Chronic Migraine: Medication Overuse Headache

The diagnosis of chronic migraine implies that a patient has a history of migraine headaches and that he/she now is experiencing headache at least 15 days out of the month. Chronic migraine is common, afflicting about 1 in 50 citizens. Effective management of chronic migraine involves prescription of a daily preventive medicine intended to decrease headache frequency; aggressive acute treatment of such headaches that occur despite the preventative medication and, last but not least, identification and treatment of any conditions that may be contributing to the chronic headaches. The conditions that most commonly aggravate chronic migraine are impaired sleep, a disorder of mood (typically depression, anxiety, or both), hormonal influences (pregnancy, recent childbirth, oral contraceptive use), and analgesic overuse.

An analgesic is any medication intended for the relief of pain, whether it be humble acetaminophen (Tylenol) or a potent opioid (“narcotic”). Patients with chronic headache understandably tend to take analgesics frequently in an effort to reduce their pain and so enable themselves to carry out their routine activities. Unfortunately, virtually all of the medications—prescription or over-the-counter (OTC)—widely taken by migraineurs for the treatment of acute headache can promote headache when used too often over a period of weeks to months; some of the most common culprits are acetaminophen (eg, Tylenol), compounds containing acetaminophen plus caffeine (eg, Excedrin, Goodys, BC powders), butalbital-containing compounds (eg, Esgic, Fioricet, Fiorinal), and hydrocodone (eg, Lorcet, Lortab, Vicodin). Even the triptans (eg, sumatriptan: Imitrex) may cause medication overuse headache (MOH).

In seeking to avoid MOH, how much is too much? In other words, how long can one take a given analgesic at a given frequency and in a given dose before MOH becomes a real possibility? Put yet another way, how does the patient with chronic migraine know whether the analgesic he/she frequently takes is helping or contributing to the very problem (headache) that provoked its use in the first place? The most realistic answer is: it depends. The potential for developing MOH is likely a function of the individual patient’s unique biology and, perhaps even more important, the particular drug in question. Some investigators have reported that of all the drugs commonly used for acute migraine treatment, it is the triptans that have the highest potential for producing MOH. At the other end of the spectrum, the nonsteroidal anti-inflammatory drugs (NSAIDs) are believed to have the lowest potential for producing this complication. The OTC agents are the “sneakiest” among this group. The fact that they are effective therapies when used appropriately and are so readily available and relatively cheap lures many migraineurs into steadily increasing their use of a given product, so becoming hopelessly stuck in the desolate swamp of MOH.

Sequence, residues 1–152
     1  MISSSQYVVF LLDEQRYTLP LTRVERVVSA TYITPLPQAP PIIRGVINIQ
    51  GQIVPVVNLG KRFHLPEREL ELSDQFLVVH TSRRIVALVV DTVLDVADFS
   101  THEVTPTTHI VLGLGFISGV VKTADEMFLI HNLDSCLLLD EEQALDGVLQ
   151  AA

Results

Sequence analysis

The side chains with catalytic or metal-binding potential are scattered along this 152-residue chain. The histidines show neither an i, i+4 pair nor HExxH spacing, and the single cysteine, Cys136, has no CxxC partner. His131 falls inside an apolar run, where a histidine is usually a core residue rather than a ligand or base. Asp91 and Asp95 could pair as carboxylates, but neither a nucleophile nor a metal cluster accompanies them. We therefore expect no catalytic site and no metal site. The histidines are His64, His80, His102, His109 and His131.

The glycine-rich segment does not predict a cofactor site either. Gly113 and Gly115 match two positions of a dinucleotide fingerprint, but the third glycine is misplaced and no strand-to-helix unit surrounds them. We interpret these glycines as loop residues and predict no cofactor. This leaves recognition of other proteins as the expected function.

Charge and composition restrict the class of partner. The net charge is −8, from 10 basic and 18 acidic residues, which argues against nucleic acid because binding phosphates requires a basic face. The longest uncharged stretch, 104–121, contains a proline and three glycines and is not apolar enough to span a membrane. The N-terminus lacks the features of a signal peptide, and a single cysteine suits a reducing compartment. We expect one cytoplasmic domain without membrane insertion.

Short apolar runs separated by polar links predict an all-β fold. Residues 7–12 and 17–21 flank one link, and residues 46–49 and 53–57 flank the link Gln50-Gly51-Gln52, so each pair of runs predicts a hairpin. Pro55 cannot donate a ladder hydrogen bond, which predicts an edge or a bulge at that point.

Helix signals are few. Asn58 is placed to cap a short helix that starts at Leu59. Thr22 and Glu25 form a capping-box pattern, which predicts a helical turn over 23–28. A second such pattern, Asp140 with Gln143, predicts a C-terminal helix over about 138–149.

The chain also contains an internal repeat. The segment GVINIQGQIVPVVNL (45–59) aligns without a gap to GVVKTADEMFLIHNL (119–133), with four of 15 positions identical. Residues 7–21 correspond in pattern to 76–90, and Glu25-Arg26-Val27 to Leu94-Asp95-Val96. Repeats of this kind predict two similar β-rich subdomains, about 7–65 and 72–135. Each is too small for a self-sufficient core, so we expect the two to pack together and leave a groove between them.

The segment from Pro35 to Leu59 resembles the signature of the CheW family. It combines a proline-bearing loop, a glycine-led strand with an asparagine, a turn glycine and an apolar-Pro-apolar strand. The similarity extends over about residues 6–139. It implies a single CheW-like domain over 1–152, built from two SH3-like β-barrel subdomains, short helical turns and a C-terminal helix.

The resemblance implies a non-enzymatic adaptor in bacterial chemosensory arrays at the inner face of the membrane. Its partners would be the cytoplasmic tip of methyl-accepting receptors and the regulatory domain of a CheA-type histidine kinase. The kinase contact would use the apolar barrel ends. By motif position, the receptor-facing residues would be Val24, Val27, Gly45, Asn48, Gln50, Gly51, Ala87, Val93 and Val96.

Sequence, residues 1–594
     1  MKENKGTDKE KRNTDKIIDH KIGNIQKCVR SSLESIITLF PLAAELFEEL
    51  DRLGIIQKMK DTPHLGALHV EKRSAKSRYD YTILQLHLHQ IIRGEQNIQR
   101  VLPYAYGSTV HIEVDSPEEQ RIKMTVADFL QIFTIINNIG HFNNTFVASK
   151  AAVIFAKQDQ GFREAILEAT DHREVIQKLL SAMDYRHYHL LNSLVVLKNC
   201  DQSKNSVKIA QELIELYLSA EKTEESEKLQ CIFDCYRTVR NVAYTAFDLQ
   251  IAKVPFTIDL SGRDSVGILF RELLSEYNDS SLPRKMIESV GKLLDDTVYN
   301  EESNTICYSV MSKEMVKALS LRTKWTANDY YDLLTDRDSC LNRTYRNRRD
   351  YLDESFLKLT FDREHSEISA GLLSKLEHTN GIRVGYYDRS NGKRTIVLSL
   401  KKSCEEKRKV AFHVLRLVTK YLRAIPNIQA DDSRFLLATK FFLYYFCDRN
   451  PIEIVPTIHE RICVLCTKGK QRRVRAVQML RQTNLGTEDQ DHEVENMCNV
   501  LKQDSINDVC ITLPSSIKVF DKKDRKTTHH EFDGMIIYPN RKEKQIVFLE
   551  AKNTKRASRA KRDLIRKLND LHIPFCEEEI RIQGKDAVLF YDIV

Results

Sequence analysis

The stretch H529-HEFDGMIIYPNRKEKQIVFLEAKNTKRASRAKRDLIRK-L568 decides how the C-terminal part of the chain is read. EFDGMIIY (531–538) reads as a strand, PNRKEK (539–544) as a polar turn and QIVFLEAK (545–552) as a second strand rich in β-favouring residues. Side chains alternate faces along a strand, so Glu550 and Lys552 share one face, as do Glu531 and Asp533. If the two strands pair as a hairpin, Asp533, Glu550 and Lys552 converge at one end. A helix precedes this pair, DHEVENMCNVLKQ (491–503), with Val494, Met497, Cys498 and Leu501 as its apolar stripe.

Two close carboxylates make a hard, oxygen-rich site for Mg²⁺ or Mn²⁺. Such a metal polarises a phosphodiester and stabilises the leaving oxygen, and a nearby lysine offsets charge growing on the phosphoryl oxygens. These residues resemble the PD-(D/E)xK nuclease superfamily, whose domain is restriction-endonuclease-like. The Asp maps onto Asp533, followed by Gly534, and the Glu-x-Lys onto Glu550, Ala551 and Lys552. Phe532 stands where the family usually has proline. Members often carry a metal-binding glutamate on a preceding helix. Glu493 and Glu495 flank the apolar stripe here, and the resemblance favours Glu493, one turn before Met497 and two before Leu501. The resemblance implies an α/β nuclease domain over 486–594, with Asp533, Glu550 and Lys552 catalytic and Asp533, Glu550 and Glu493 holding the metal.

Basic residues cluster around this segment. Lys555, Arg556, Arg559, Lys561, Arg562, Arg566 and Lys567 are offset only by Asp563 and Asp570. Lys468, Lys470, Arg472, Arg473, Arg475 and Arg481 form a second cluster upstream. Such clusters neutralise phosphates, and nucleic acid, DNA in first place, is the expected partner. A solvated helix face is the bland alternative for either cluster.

How do you know if you may have a component of MOH? The following checklist may help.

1. Are you using a given analgesic more than 3 days per week on a chronic basis (ie, every week for a period of weeks to months)?

2. On the days you use the analgesic, are you taking multiple doses?

3. Have you found that effectiveness of the analgesic seems to be steadily decreasing even though you have been increasing your usage of the drug?

4. Are you being awakened from sleep by headache, or do you have a headache when you awaken in the mornings?

If your chronic migraine does contain a component of MOH, cutting back on your use of the offending agent unfortunately may not lead to rapid improvement. Weeks—possibly months—may be required for your body to recover biologically from the effects of the medication overuse, and the clinical improvement accompanying that recovery similarly may be delayed. Even so, stick with it! Once established, it may well be that MOH must be removed from the picture if you are to enjoy any significant and lasting improvement in your headache disorder.

In summary, your strategy for defeating chronic migraine typically should include the following:

1. Prescription of an effective preventative medicine

2. Aggressive treatment of acute headaches or headache intensifications

3. Treatment of chronically disrupted sleep, if that problem exists

4. Effective treatment of co-existing anxiety and/ or depression, if present

5. Avoidance of analgesic overuse

6. Treatment of analgesic overuse, if present

7. Faithful use of a simple headache diary

Finally, if you find it impossible to cut back on your use of a medication that is likely to be contributing to your chronic migraine, do not be hesitant to discuss this with your physician. Nothing is to be gained by keeping the information to yourself, and to do so risks the strong possibility that your chronic migraine will worsen progressively and possibly become yet more resistant to any treatment attempted. There are various techniques available to assist patients in reducing their use of a given analgesic, and at times hospitalization may be required to facilitate that process. In attempting to control your chronic migraine, your physician is your consultant, adviser, and advocate…not your adversary. Working together, chances are good that you will enjoy a significant reduction in your headache burden.

John F. Rothrock, MD

Editor-in-Chief, Headache